It asked how the land ceiling and the bourgeois land reform programme was something ‘just’or inviolable, taking into account how even before 50 years –revolutionary slogan was raised for land to the tillers. It means land belongs to the toilers on the land. Before 50-60 years struggles prouted of peasants in Punjab, Bengal, Andhra, Telangana, Bihar, Jharkhand! The report questioned why now one of the basic demands of the Democratic Revolution – one of the pillars of Agrarian Revolution – “Land To The Tillers” — was relegated from the agenda and demanded exclusively implementation of the imperialist-dictated bourgeois land reform programme.
It questioned that although big countrywide revolutionary struggle would be impossible to garner at this moment, would the dream should sparkle into our revolutionary agitation-propaganda.
“Can a Dalit not become a toiling-owner-producer on land – a peasant with some land – live with some dignity?"
It asked when we shall see that Farmers Unions come strongly in support of the fight of the landless and labourers – not just token participation! It took into consideration that overcoming Caste and Class difference was an arduous task.
The report was critical that in the programme of Nov 30 some organisations belonging to revisionist parties also participated and it seemed a pro-Mao organisation was there who does joint activity there with the CPI(M).
It addressed (i) That very CPI(M) which is conducting a joint fight along with BJP in Kerala to evict livelihood of thousands of fishermen gloving a vast sea-shore to ADANI;
(ii) that CPI(M) which is the first party to support publicly India govt’s plan to introduce imperialist corporate Monsanto’s GM Mustard;
(iii) that very CPI(M) which introduced contract-farming in West Bengal during their rule and did so many anti-poor and pro-rich activities — how can landless and labourers’ organisations of Punjab think of conducting “Joint Activity” with such parties?
It concluded that In Punjab Assembly elections – 29 candidates of CPI(M), CPI and CPI(ML)-Liberation together got 21665 votes (out of 1.54 crore polled) about 0.001%, less than NOTA (1.1 lakh)! Quoting he report “What Really Was the Compulsion behind joint move with so called ‘mass-organisations’ controlled by such revisionist parties?”

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I congratulate this team for delving into the most fundamental or gripping questions on the dalit labour movement and portraying them in sum totality.
Although I greatly admire the initiative of the Bengal group and their sincerity, I feel they are unaware of the ground reality with regard to united front with Revisionist party led mass organisations. It does not take into account that one of the participants broke away from the Original CPM, to join hands with revolutionary struggles. It also fails to understand that in past history mass organisations of left parties have played major role in galvanising the dailt agricultural labour, particularly in the 1960’s and built a breeding ground for mass mobilisation. It is not inherent with revolutionary practice to unite with progressive cadre of traditional left parties, who have secular and democratic aspirations. I recount how revolutionary student groups joined hands even with CPM led SFI or CPI led AISF in issues like protesting fee hike ,bus fare hike, hostel facilities etc.A great number o progressive dalit cadre comprise mass organisations of left parties, even if leadership is revisionist.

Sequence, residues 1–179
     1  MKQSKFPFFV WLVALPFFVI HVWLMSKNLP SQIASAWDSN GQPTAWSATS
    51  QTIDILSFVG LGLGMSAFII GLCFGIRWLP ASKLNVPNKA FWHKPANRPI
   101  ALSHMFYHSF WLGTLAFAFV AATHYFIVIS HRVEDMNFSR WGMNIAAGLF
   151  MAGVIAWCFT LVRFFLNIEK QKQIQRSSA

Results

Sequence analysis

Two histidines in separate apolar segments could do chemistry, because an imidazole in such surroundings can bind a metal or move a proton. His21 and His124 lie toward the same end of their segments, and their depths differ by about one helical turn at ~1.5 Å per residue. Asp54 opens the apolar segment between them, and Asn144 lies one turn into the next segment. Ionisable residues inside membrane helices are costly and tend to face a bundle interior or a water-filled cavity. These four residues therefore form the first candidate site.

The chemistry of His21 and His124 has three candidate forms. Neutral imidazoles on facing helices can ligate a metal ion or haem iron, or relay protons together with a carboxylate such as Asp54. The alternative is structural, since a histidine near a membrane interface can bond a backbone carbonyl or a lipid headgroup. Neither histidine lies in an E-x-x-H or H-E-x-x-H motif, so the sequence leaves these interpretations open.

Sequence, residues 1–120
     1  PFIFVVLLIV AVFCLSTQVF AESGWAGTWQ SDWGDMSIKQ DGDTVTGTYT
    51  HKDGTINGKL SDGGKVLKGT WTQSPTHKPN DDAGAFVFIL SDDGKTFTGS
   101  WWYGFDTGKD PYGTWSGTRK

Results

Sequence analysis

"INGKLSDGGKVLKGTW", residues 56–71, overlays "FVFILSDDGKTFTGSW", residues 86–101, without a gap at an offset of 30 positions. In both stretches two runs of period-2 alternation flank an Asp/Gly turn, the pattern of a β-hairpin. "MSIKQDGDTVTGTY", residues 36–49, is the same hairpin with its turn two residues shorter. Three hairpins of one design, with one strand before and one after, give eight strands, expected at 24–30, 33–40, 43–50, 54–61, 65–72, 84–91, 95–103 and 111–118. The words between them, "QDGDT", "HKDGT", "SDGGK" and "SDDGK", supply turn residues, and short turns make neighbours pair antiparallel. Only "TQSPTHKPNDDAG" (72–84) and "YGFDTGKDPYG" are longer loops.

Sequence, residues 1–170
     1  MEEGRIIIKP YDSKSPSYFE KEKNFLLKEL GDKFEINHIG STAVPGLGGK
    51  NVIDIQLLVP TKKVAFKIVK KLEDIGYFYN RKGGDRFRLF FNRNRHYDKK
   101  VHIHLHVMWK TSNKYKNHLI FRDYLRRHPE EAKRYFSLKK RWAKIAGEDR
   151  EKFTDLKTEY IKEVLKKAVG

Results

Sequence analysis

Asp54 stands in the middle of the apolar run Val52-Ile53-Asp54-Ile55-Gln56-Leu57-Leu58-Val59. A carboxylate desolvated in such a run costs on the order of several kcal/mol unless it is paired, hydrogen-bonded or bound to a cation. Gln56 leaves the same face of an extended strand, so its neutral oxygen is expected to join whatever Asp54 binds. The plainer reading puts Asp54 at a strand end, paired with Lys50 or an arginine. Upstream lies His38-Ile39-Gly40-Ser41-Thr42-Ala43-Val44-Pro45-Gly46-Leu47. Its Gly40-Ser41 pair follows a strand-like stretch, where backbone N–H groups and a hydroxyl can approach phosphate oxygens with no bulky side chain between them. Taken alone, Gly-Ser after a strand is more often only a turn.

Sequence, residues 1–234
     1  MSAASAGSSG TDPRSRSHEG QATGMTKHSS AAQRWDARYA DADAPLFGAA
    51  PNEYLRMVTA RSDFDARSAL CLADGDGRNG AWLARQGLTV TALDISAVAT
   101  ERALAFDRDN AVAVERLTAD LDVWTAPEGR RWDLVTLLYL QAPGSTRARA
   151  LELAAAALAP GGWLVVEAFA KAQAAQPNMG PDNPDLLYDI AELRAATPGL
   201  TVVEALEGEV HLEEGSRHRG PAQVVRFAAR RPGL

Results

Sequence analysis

I give credibility to it’s interpretation of stagnation of agrarian revolutionary movement and veering of movement towards economism.It raises a most valid question on whether true moral support is given by the landed farmer organisations to the agricultural labourers and the very legitimacy of mere land reform programme and not pressing for genuine demands of agrarian revolution. However it does not grasp that raising demanding the land reform demands is only a platform or stepping stone to crystallise revolutionary demands, or perhaps a perquisite for raising demand of land to the tiller.
I regret that the Ei Muhurte Kichhu Bhavna activists could not obtain comprehensive research on the aspect of the mass line of the Communist revolutionary groups in relation to this topic. In particular it needed to gain a more comprehensive insight on the perspective and practice of the CPCRI (ML) and whether the movement it is leading has received set backs. In my view in recent years there has been a lull in the integration of the movements and organisations of the landed farmers with that of the dalit agricultural labour. At one stage the Punjab Khet Mazdoor Union had made major inroads in sowing seeds for agrarian revolutionary movement in struggles for plots,etc. but today there is a powerful tendency of the Bharatiya Kisan Union factions giving mere token support to the landless labour movement, with their cadre not giving integral support. I have myself witnessed this trend, with dalit labour attendance sparse in conferences of landed peasantry. Today the movement is plagued either by trend of caste line or Ambedkarist orientation or economism.We have to particularly probe on whether the Communist Party Re-Organisation Centre of India (Marxist-Leninist) is engaging in genuine agrarian revolutionary practice in Punjab.
In recent years I have the highest admiration for the Zameen Prapt Sangarsh Commitee for knitting the scattered seeds and waging a battle at the every block level. Still to me the genuine mass line was practiced by the Punjab Khet Mazdoor Union, around a decade ago.
One has to respect the complexities of Punjab which has characteristics which distinguish t from conventional semi-feudalism as in other states of India, with no forest or mountain regions.
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Harsh Thakor is a freelance journalist who has covered mass movements around India and frequently toured Punjab